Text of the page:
So, you got a package in the mail, and it showed up stuffed with these weird-looking packing peanuts. They’re beige-colored cylinders, maybe a little curved, and stick to your fingers a little. Chances are, someone somewhere a while ago dared you to eat one, claiming that it was edible.
Insert mini-rant about edible versus non-toxic here…
The good news: these are starch-based peanuts, 100% biodegradable, 100% compostable, and they break down when exposed to water. They’re an excellent replacement for polystyrene-based packing peanuts since they do exactly the same job with much less post-consumer environmental footprint when disposed of properly.
The main drawback to starch-based packing peanuts is that they compress more under the same load as their polystyrene equivalent, as shown on Packability’s blog post on the topic. Rather than locking together and resisting compression through a sort of pseudo-crystalline structure the way polystyrene S-shaped peanuts do, cylindrical starch-based peanuts simply squish down. So, if you’re intending to reuse your packing peanuts rather than recycle or compost them (good for you!) we recommend saving your polystyrene peanuts for heavier items that could squish down starch-based peanuts during shipping.
It can be tricky to identify whether your packing peanuts are polystyrene- or starch-based without any prior experience, so here’s a short video showing you how. Starch-based peanuts will, as you can see, disintegrate into a sort of mush under the tap, and polystyrene peanuts won’t be affected at all. Starch-based peanuts also don’t carry a static charge like polystyrene does, so they won’t stick to your clothes unless they somehow get wet.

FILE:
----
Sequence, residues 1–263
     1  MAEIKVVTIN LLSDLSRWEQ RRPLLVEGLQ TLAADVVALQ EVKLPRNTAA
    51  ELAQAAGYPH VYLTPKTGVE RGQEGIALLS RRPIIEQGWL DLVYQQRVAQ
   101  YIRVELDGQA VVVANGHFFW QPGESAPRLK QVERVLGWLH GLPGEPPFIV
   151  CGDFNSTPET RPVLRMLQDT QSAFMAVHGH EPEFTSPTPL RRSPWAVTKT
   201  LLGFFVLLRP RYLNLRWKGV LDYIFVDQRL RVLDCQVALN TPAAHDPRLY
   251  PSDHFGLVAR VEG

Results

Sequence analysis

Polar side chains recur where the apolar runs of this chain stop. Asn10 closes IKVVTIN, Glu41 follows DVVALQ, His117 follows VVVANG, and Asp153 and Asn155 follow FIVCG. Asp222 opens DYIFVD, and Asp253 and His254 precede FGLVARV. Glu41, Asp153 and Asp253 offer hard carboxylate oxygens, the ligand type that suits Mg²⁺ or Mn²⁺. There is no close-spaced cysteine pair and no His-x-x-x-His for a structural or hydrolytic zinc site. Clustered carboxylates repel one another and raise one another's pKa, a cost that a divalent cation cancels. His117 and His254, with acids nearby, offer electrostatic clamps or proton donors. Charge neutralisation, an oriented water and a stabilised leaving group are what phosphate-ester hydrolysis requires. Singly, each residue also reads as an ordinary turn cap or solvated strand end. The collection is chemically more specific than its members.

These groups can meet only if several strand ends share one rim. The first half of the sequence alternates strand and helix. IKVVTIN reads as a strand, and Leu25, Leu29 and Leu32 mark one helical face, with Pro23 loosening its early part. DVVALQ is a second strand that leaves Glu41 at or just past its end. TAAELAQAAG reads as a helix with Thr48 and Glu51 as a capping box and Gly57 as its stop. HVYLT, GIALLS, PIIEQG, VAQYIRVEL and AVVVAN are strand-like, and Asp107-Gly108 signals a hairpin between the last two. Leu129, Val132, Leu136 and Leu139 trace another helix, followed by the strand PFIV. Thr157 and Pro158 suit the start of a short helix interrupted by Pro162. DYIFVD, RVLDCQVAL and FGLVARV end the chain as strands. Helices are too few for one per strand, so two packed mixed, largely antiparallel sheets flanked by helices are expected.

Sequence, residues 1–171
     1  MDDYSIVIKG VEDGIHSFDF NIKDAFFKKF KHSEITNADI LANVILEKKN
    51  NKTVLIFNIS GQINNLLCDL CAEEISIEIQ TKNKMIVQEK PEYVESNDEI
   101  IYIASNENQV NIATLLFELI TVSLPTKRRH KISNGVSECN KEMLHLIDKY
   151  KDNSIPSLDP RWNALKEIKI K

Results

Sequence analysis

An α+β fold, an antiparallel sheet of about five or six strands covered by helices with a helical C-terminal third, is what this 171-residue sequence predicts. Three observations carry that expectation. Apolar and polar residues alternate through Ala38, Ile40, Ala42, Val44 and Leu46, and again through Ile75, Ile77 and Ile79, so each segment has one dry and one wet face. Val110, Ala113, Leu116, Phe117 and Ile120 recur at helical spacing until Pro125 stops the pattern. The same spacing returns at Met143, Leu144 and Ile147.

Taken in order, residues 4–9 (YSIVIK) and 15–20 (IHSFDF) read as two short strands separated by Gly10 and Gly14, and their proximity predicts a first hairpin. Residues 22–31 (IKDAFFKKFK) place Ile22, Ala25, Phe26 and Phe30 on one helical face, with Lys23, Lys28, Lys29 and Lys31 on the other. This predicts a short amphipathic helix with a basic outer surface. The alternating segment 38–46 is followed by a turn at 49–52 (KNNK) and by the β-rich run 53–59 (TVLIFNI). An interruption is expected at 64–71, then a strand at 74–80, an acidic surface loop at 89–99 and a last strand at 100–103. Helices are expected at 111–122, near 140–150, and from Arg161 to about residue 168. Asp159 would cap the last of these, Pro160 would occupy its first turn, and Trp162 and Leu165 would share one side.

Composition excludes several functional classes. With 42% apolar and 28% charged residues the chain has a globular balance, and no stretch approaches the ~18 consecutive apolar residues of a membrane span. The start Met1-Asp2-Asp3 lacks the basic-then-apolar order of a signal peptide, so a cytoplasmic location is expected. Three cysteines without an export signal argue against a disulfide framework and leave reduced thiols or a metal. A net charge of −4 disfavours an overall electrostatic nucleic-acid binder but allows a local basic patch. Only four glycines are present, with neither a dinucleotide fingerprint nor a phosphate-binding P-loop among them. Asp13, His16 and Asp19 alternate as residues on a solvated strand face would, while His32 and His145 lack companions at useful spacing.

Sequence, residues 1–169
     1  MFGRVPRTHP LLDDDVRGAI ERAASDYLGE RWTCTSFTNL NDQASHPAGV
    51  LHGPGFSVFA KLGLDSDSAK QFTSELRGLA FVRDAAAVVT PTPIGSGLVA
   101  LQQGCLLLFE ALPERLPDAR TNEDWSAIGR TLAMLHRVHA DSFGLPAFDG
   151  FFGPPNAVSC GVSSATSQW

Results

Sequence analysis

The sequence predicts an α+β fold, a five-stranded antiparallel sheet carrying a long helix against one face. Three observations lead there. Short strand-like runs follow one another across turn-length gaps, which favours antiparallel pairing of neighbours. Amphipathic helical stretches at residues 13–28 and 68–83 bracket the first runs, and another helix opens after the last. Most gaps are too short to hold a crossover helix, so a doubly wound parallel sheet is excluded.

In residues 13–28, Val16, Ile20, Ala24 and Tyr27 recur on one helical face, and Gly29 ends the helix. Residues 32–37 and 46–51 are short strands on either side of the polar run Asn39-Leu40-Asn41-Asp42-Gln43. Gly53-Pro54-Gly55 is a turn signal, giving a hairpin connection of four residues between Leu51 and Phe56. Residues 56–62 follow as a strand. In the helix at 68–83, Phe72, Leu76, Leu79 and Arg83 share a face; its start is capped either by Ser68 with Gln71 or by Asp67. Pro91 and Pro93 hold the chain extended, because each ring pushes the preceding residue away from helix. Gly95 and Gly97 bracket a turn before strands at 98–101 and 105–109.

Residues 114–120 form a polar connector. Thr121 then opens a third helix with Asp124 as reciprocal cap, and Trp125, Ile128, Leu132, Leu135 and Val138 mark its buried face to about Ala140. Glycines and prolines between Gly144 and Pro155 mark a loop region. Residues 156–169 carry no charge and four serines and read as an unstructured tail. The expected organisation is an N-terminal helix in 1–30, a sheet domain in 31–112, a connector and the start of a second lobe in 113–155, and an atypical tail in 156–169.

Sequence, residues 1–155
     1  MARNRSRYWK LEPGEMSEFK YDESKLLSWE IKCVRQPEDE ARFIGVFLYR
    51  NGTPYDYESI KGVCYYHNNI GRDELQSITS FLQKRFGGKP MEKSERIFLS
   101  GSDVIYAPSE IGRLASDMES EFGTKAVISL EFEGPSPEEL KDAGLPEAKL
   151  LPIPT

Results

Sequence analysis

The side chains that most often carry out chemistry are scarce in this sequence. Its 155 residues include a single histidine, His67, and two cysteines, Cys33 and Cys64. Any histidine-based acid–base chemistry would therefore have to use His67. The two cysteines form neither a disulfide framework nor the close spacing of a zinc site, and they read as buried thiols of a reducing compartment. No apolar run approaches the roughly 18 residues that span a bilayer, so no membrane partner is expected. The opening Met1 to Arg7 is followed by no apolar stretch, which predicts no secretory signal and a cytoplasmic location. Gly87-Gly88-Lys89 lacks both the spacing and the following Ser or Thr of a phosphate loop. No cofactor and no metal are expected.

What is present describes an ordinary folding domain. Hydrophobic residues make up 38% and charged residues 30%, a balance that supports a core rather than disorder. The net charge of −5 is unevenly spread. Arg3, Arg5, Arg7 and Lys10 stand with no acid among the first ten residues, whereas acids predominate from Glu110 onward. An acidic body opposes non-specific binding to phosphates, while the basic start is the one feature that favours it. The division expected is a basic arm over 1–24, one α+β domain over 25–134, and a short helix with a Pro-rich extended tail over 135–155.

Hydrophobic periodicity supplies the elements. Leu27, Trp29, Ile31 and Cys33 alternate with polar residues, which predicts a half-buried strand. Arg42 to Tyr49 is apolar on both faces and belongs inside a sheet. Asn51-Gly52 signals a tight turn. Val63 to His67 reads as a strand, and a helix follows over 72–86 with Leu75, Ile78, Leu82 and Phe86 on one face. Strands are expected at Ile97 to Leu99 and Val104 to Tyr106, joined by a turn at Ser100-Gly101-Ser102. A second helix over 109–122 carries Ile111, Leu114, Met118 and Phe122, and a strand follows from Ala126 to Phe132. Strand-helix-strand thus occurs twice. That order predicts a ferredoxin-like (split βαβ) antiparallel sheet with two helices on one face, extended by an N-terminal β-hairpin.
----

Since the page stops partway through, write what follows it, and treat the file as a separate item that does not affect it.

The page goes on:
Another good test if you don’t have some water handy is to squish the peanut. If it compresses down easily and stays mostly squished, chances are it’s starch-based. When crushed, polystyrene peanuts will either hold their shape or fragment into little fluffy staticky chunks that cling to absolutely everything.
Once you’ve confirmed that you have starch-based packing peanuts, feel free to toss them in your compost! You can either fold them into the compost pile, or use a watering can to wet them down and help them break down first. It’s a perfect opportunity to add some moisture if your compost pile is looking a little dry.
If you don’t have a compost bin, a municipal compost service, or otherwise don’t have access to any form of composting, starch-based packing peanuts can also simply be emptied into a large bin, dissolved using warm or hot water, then once completely dissolved they can be poured down the drain. Provided the peanuts have properly dissolved, they’re both sewer and septic safe. Another option is to cut them into smaller pieces roughly the size of a pea, then mix into some potting soil to use in your garden.